A group of Italian archaeologists will head for Iran next week to study ways of rebuilding Bam and its ancient Citadel, Arg-e Bam almost destroyed by a recent strong earthquake, a senior Italian official announced Tuesday, IRNA reported from Rome.
Head of the Mediterranean and Middle East Office of the Italian foreign ministry Ricardo Sessa told IRNA that first plan on rebuilding Arg-e Bam will be devised through cooperation among Iran, Italy and UNESCO.
The former Italian ambassador to Iran said that other countries should play their technical part in rebuilding Arg-e Bam since it belongs to the civilization and history of the world.
All historical documents, the current situation of the Citadel and pictures prepared by satellites and other measures taken so far should be studied thoroughly in order to gather accurate information in order to rebuild Arg-e Bam as it had been constructed, the Italian official added.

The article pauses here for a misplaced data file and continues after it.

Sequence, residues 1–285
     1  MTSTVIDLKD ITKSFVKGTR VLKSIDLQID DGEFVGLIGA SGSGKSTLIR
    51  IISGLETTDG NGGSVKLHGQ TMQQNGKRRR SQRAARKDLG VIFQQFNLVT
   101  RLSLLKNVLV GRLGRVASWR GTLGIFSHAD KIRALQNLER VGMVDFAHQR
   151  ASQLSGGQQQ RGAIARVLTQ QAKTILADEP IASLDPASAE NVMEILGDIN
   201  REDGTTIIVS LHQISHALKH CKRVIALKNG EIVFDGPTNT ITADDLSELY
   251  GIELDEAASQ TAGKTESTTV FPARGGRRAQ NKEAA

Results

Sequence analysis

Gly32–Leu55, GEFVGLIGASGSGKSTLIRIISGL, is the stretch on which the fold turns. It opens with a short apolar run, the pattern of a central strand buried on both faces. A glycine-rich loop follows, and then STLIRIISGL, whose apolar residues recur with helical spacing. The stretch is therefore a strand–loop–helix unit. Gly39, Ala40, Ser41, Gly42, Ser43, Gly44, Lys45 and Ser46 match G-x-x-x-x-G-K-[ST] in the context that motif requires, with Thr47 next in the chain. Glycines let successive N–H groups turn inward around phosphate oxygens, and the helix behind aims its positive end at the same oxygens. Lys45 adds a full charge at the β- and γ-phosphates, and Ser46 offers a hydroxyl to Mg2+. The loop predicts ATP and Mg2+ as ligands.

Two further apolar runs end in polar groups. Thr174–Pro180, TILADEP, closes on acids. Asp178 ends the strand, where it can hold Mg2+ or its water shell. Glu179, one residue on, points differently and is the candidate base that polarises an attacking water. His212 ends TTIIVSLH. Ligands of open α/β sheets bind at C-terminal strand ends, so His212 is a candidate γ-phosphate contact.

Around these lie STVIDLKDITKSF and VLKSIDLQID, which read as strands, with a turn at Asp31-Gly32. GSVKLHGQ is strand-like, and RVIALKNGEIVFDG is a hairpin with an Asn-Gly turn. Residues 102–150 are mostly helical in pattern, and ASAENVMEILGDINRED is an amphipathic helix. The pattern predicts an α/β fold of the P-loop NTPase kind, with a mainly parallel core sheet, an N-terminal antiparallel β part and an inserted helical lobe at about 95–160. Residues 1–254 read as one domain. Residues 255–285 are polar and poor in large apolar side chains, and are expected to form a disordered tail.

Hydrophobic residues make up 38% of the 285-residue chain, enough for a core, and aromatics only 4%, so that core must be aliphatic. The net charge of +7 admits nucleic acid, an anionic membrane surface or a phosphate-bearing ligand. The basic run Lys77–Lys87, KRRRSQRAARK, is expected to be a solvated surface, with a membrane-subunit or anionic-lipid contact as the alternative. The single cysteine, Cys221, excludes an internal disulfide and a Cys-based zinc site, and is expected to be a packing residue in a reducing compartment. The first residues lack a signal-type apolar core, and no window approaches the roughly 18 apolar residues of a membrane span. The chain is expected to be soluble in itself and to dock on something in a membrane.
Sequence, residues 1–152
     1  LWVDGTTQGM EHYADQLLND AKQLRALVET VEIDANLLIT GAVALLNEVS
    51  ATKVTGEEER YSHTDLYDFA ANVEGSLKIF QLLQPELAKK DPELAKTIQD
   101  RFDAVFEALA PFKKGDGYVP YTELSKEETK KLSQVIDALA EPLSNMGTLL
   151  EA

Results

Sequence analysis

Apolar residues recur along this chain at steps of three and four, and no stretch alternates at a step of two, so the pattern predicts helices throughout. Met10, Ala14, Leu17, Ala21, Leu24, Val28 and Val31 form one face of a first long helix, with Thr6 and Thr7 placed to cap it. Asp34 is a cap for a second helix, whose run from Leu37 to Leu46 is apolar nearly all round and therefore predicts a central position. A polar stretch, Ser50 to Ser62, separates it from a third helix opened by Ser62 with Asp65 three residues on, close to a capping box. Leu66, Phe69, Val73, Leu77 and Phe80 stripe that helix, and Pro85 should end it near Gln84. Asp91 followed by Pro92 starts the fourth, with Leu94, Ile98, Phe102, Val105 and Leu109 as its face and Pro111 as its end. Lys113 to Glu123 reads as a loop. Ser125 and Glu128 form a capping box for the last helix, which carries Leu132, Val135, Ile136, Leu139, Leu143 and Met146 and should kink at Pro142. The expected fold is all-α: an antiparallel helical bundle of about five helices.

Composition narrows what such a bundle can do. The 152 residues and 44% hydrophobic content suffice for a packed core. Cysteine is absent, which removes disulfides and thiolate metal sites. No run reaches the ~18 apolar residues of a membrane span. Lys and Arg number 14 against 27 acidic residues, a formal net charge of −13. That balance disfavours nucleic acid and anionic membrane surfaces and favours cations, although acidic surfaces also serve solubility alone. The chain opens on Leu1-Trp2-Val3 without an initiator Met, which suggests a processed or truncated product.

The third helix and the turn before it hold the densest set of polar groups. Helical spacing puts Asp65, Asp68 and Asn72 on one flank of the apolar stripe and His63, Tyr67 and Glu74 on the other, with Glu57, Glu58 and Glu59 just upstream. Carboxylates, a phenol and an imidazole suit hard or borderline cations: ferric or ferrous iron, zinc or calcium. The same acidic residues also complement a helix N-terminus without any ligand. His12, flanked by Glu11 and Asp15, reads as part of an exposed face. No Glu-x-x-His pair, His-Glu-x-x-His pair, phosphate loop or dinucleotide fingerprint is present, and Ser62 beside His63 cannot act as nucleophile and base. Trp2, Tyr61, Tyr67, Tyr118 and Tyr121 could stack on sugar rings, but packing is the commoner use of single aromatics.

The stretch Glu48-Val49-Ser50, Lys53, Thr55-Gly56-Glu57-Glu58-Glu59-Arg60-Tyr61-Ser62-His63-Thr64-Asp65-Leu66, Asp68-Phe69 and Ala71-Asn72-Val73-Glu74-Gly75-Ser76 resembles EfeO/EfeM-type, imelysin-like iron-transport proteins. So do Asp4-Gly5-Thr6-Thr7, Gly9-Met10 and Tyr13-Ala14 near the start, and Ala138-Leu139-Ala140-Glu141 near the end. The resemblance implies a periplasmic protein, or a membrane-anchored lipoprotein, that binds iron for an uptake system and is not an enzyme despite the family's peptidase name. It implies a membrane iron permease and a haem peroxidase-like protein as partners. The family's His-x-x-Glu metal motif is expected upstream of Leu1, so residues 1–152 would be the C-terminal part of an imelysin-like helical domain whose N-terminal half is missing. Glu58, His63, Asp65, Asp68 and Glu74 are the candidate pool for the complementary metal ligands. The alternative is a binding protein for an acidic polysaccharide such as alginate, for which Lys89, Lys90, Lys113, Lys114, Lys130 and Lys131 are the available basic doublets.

Sessa who had visited Arg-e Bam several times during his tenure in Iran, reiterated that no country like Italy could understand the extent of damage inflicted on Arg-e Bam. "We will remain beside Iran and its people until rebuilding the ancient Citadel is completed."
He further added that some agreements were concluded for cooperation between the two countries on how to approach natural disasters and reduce consequences, following negotiations with some Iranian officials.
"We have called on Iranian experts to take part in an international workshop on 'how to deal with earthquake' which will be held in Italy by the end of the year, said Sessa.
The Italian official underlined his country's readiness to provide Iran with its experiences to encounter natural disasters.
The city of Bam, in Kerman province southeastern Iran, is home to the oldest and biggest mud-brick structure citadel of the world which is almost flattened by a quake which Bam on December 26, killing tens of thousands of people.
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